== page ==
On Sunday, all of the injuries finally seemed to be too much with the Flyers pretty much dominating the game over the final two periods.

The Flyers received goals from six different players (Jordan Weal, Valtteri Filppula, Dale Weise, Jakob Voracek, Radko Gudas and Shayne Gostisbehere) in the win and outshot the Penguins by a 24-15 margin over the final 40 minutes.

“That wasn’t a good effort and at this point of the season we can’t afford to have those,” said Penguins forward Matt Cullen after the game. “I don’t think that was a typical effort for us. I don’t think we had a lot of life, to be honest.”

Even more than winning games the rest of the way the biggest concern for the Penguins has to be getting their list of injured players healthy and finding a way to avoid adding to it, something that has proven to be difficult in recent weeks.

At this point, whether they win the Metropolitan Division or not, they know their path through the Eastern Conference playoffs is very likely going to have to go through both Washington and Columbus, and they are going to need their full complement of players to do it.

One of the biggest factors in winning a Stanley Cup is having all of your key players in the lineup come playoff time.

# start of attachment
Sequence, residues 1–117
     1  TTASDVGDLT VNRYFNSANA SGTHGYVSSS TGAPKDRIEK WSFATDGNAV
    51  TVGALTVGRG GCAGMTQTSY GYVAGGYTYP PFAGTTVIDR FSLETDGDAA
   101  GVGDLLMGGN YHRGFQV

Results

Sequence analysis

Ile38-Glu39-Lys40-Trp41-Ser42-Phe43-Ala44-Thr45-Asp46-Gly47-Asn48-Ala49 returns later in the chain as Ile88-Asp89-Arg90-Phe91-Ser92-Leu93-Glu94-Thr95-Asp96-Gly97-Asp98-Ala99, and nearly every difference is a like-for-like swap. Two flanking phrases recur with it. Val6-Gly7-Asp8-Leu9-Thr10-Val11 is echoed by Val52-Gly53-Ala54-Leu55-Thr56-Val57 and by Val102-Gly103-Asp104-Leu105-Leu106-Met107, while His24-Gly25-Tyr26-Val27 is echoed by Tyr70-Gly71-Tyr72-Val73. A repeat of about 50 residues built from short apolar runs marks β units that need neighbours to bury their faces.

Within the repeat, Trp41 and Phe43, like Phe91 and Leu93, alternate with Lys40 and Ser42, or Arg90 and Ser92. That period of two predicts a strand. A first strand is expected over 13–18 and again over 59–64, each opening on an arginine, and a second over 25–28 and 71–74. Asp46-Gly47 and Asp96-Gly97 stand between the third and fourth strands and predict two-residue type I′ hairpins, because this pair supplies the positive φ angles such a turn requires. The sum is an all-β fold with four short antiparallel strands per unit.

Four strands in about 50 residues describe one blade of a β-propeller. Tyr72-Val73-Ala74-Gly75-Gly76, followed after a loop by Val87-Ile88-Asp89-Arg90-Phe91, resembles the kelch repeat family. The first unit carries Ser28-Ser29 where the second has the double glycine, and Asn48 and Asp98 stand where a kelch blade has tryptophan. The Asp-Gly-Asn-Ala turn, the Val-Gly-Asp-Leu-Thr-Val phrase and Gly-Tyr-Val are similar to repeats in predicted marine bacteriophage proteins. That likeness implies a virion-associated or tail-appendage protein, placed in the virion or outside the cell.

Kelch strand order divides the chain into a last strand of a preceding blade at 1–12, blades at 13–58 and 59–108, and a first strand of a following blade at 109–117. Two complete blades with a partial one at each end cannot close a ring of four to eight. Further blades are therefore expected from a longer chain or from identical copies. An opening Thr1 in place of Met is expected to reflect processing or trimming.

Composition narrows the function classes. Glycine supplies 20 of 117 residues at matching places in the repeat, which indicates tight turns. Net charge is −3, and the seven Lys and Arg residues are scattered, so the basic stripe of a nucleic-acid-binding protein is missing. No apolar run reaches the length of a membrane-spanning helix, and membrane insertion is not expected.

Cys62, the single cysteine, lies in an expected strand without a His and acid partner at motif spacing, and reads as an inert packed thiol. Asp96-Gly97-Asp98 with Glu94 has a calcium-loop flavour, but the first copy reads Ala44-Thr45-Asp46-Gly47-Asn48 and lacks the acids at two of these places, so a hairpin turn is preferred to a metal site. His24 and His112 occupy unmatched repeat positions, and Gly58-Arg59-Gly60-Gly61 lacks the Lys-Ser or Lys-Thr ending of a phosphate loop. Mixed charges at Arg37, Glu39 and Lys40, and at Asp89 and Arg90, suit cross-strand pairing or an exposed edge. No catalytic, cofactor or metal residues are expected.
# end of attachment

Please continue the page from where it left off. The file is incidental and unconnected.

A year ago the Penguins did.

Right now they are not even close to having that.

Video: Dumoulin shakes off elbow, Sheary out day-to-day for Penguins

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Barring a major comeback, the Pittsburgh Penguins look like they’re going to lose to the Philadelphia Flyers on Sunday. Their injury losses might be just as big.

On the bright side, it seems like Brian Dumoulin was able to shake off an elbow from Wayne Simmonds. You can watch the hit, which didn’t draw a penalty, in the video above.

Meanwhile, Conor Sheary has been missing since the first period with what might be a lower-body injury.

The Penguins’ list of injuries is already pretty ridiculous, so if one or both of these players miss significant time, tonight will sting deeper than a setback on the scoreboard.

Update after the Penguins’ loss: Seemingly good news, if very early and vague: